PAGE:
California DMV eyes altering regs to allow testing of completely driverless vehicles

Autonomous cars without backup drivers could come to California roads before June

Autonomous cars without backup drivers could come to California roads before June

The proposed language would also allow for the vehicles to be operated on California streets once testing is complete and the car companies have certified that they are safe and in accordance with federal safety standards, the agency official said. With the release of the state's newly outlined regulations comes the 15-day public comment period.

However, they've done so with one major caveat; that a human must be behind the wheel and ready to take over in case of emergency. We're just now seeing the start of Level 3 self-driving car systems from Audi in the 2019 A8, and it's unsure if that system will be even be available due to nation wide regulations when it goes on sale late next summer.

"This amendment was necessary because requiring the technology to be 'both remote and on board' could be unnecessarily limiting on the development of the technology; changing it to 'and/or' provides the flexibility that the technology can reside either entirely, or partially, on or off-board", the DMV said of the rule changes.

"All entities that meet Federal and State law prerequisites for testing or deployment should have the ability to operate in the State". This proposal also states that companies no longer need approval from local governments whenever they are planning to run their autonomous cars in a particular area. "Under the Trump administration approach, automakers can glance at the [federal] policy and say, 'That's nice, ' and then do whatever they want as they use our roads as private laboratories and threaten highway safety".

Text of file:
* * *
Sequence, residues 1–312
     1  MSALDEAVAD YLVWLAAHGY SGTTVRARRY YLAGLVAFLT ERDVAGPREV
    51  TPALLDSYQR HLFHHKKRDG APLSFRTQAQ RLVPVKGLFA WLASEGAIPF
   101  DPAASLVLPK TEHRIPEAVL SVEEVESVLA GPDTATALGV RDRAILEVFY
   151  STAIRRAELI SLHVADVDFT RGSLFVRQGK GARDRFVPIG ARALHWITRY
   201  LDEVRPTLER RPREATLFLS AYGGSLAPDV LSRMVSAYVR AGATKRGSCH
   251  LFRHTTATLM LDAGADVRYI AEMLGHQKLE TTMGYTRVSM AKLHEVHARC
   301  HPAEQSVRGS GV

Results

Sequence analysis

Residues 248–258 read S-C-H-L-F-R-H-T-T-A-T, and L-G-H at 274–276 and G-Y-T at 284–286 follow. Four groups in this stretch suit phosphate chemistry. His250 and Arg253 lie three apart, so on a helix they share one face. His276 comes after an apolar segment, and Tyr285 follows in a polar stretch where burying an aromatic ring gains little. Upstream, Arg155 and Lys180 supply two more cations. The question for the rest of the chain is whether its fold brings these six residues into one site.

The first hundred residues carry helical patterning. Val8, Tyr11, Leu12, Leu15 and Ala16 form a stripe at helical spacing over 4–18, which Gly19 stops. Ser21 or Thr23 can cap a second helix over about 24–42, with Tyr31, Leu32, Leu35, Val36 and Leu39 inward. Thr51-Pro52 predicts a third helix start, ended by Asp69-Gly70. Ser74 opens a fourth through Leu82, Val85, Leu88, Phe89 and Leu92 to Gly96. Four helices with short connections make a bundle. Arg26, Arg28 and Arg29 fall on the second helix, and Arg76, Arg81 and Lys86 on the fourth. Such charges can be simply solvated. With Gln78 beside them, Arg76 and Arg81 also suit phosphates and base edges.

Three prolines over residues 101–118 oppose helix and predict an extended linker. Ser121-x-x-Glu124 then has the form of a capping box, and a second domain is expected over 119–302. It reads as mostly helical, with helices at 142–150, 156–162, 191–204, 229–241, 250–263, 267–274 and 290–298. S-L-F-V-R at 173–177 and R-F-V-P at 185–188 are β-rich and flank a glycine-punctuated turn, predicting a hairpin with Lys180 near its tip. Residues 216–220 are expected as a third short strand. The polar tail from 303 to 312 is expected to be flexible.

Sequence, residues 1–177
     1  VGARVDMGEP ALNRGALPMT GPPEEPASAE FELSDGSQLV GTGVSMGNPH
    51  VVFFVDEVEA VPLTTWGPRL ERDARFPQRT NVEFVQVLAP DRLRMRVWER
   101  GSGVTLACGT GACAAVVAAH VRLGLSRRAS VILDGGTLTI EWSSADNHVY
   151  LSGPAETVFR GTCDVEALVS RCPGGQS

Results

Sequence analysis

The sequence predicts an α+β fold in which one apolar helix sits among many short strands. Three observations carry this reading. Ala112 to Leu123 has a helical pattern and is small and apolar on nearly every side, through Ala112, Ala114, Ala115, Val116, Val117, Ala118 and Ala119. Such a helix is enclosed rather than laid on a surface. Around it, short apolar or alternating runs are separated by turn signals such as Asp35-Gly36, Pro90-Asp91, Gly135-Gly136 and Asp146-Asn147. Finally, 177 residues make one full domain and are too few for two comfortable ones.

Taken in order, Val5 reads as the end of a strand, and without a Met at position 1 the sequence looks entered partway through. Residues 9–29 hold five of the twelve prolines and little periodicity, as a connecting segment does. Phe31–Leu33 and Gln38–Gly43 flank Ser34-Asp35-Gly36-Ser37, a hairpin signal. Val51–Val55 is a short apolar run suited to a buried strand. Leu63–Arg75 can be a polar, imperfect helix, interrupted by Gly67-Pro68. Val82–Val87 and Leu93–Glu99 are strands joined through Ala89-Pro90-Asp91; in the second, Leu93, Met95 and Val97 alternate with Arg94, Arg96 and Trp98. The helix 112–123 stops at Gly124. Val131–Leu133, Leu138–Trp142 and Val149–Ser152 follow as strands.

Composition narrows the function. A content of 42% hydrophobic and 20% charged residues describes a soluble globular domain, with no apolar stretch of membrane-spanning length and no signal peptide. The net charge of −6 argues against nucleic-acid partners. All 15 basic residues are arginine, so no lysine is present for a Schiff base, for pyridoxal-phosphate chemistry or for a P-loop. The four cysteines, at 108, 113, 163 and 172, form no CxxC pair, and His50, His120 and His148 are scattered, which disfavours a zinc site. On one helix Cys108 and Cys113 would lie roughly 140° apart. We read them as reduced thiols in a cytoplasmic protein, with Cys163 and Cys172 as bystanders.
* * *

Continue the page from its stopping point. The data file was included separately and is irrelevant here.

According to the DMV, presuming that it will happen, developers are testing hundred of prototypes driverless cars that will begin unveiling those cars on the roads of California. Compliance is voluntary, and California's deferring to the federal rules will weaken safety protections for people using roads. And operators will be required to report to the state when some technological upgrades are made, such as a change in the level of automation.

The California rules could still conflict with proposed federal legislation that would largely bar states from regulating autonomous vehicles.

Still, Wednesday's announcement puts California on the verge of finalizing rules for public access which were due more than two years ago.

Google and Uber, who develops a fleet of self-driving cars, are examples of the companies which following the revisions closely.

Although some companies have experimented with cars that lack a steering wheel or pedals, those kinds of advances likely are several years beyond the first models.

But the federal government has offered only guidelines, not rules, on self-driving cars, failing to ensure public safety, advocacy group Consumer Watchdog said Wednesday.

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